Notre Dame College of Arts and Letters faculty members Tarryn Chun and Cara Ocobock provide insights into artistic messaging and athletic performance at the 2022 Winter Olympics in Beijing.
Showmanship at the opening ceremony
The 2022 Olympic Winter Games began with what Notre Dame Assistant Professor of Film, Television and Theatre Tarryn Chun sees as a lighter aesthetic than the 2008 opening ceremony, but still a show of soft power.
“The 2022 Beijing Olympics Opening Ceremony’s embrace of whimsy and romanticized imagery reflects the fact that the PRC (People’s Republic of China) no longer feels a need to ‘prove itself’ to the world,” said Chun, who is researching the intersection of theater, technology and politics in modern China.
Because the Opening Ceremony was helmed by the same artistic director as in 2008, filmmaker Zhang Yimou, many viewers expected a similar scale and aesthetic to Beijing’s previous Olympics spectacle, Chun noted. However, COVID precautions, a new media ecology and political shifts combined to confound those expectations.
“The relatively small cast and the style of choreography, with performers standing in a long line facing one direction, may have had health and safety rationale, but also mirrored a global, embodied experience of distancing and monitoring air flow,” she said. “Meanwhile, the large-scale moving projections and laser lights are even more technically sophisticated than in 2008, but they read as less innovative and unique in today’s media and screen-saturated environment.”
The 2008 Opening Ceremony used mass performance and technology to emphasize China’s history, culture and political power, to an overwhelming extreme, Chun said.
“This time, the artistic segments of the ceremony went in the opposite direction, with equally advanced technology showcasing drifting snowflakes, spring flowers and singing children. It’s a softer approach to soft power, perhaps, but no less transparent, and one that sits even more uneasily alongside the overt politics of Xi Jinping’s regime,” she said.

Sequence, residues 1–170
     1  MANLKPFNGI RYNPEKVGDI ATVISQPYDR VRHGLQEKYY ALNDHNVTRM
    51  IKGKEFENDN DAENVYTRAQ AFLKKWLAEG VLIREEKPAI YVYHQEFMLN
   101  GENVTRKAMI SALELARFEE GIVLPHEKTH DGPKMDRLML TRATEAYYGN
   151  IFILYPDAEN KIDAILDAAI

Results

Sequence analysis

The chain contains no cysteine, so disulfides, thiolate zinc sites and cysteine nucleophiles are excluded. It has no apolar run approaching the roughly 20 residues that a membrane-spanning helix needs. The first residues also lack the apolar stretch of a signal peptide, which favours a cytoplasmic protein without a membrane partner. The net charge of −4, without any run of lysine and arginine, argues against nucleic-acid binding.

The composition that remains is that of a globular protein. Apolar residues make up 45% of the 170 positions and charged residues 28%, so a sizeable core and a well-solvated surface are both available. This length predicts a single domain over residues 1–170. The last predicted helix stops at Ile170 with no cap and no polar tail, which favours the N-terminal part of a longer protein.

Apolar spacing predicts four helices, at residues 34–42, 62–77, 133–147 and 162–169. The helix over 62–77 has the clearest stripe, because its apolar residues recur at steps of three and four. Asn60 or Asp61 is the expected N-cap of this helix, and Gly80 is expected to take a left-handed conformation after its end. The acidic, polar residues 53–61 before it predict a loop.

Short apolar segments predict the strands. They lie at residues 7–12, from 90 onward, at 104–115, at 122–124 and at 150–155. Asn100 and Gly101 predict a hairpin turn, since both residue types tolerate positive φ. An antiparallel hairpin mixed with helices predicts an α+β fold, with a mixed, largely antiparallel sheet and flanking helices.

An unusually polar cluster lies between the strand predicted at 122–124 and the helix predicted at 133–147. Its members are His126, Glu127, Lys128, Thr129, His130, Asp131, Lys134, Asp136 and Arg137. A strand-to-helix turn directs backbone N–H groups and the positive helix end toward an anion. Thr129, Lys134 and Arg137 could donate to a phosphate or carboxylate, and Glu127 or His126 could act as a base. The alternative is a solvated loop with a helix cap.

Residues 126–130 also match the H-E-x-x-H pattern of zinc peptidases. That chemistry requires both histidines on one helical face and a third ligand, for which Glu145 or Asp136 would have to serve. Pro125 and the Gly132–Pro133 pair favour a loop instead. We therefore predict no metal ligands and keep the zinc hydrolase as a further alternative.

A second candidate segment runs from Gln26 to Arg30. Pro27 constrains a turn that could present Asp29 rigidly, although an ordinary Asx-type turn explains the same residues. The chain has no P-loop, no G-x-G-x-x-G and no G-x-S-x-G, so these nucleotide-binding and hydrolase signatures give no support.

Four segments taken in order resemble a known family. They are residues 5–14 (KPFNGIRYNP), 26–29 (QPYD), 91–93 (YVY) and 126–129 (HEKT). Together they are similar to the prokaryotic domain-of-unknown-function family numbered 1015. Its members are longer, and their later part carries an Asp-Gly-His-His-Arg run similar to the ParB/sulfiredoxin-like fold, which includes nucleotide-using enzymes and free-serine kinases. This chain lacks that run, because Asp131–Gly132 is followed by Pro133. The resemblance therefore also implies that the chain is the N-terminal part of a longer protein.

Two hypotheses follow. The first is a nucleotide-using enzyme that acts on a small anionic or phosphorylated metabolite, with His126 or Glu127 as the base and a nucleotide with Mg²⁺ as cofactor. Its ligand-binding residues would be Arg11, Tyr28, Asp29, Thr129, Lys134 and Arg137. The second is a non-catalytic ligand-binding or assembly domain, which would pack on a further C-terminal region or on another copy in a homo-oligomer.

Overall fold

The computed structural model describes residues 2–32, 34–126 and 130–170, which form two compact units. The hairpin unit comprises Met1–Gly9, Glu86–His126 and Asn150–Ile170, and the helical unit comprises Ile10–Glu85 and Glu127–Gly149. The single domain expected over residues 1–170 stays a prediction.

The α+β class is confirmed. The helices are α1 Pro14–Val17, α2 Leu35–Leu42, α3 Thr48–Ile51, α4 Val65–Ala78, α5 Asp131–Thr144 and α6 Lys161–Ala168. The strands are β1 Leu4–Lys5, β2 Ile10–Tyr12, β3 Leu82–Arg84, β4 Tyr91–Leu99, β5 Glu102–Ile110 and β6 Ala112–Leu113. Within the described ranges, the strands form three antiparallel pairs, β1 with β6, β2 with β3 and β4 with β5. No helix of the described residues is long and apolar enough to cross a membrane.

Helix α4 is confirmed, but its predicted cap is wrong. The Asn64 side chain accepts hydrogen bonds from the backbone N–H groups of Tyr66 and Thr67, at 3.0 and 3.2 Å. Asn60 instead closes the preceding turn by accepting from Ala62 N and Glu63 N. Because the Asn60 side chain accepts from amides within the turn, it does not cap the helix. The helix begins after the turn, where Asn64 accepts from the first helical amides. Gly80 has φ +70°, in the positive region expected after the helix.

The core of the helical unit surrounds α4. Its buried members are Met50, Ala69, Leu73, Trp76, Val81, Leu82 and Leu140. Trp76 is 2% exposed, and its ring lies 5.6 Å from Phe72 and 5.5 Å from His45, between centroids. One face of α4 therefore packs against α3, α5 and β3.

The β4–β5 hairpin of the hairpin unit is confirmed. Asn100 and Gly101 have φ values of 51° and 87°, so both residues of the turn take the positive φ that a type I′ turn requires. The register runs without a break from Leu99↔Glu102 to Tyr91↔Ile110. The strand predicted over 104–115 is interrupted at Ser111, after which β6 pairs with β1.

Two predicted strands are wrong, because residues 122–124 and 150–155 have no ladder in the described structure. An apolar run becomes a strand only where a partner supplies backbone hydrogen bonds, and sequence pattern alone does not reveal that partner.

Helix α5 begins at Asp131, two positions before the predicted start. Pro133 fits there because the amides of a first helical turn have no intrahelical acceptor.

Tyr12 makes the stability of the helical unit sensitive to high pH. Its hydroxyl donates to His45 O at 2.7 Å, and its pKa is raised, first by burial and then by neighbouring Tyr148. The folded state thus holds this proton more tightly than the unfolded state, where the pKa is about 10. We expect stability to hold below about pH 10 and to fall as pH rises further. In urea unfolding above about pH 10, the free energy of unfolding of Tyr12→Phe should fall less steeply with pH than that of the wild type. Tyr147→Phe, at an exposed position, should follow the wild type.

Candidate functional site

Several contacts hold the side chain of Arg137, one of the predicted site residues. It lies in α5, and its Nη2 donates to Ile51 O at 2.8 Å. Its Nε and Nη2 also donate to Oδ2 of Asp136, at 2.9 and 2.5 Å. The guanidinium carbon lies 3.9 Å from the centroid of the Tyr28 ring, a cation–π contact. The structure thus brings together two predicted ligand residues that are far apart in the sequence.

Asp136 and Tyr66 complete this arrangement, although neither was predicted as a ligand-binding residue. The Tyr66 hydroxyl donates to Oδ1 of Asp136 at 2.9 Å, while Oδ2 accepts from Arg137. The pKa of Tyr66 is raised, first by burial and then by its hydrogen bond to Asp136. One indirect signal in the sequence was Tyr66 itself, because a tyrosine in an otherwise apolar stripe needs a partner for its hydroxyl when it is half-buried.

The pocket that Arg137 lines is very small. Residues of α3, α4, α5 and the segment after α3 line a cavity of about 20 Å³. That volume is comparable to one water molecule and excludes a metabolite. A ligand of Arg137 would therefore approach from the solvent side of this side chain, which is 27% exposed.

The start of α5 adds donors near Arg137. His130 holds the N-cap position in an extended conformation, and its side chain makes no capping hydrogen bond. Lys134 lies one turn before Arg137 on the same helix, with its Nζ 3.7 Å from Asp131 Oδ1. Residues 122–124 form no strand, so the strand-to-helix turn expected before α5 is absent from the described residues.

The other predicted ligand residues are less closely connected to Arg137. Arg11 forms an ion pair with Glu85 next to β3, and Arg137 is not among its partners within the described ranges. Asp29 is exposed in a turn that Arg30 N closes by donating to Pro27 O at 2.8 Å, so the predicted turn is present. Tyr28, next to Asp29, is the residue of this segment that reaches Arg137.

Athletic performance and sexism
One of Assistant Professor of Anthropology Cara Ocobock’s research interests is the anthropology of sport, which is the study of how political, cultural, social and historical aspects affect sport and vice versa. She also studies how humans are affected by extremes — in temperature and performance.
“We all relish in, I think, if not just witnessing what our human bodies — which we sometimes consider to be frail and weak — what we’re actually capable of,” said Ocobock, in a recent interview for the ND Stories podcast. “The strength, and the speed, and the power, and the coordination and all of that. It’s amazing to see on display.”
The Olympics have come a long way, too, in terms of gender representation, but Ocobock, who is also concurrent faculty in the Gender Studies Program, said that both the Games and exercise physiological research have a ways to go.
“Only in 2014, I believe, was the first time that women had ski jumping competitions in the Olympics,” she said. “When you hear the president of the International Ski Jumping Federation say, ‘Well it just doesn’t make sense medically for women to be doing that,’ you take this huge step back and just say, ‘Woah, woah, whoa, what are you basing this on?’”
Often, the answer is not much. There aren’t as many studies examining female athletes as there are for male athletes. And, Ocobock said, fewer females actually conduct exercise physiology research, so the questions about female physiology are often left unasked.
“There are true differences, though a great deal of variation, between women and men. These may, on average, give men an advantage in strength and power-based activities, and women an advantage in endurance sports,” she wrote in a 2021 article for Sapiens. “Many of the differences we have learned are wrong, while the biologically meaningful differences are often understudied or ignored. That needs to change if we are to banish sexism in sport and take seriously the training and nutrition of female athletes the world over.”
Originally published by news.nd.edu on Feb. 9, 2022.at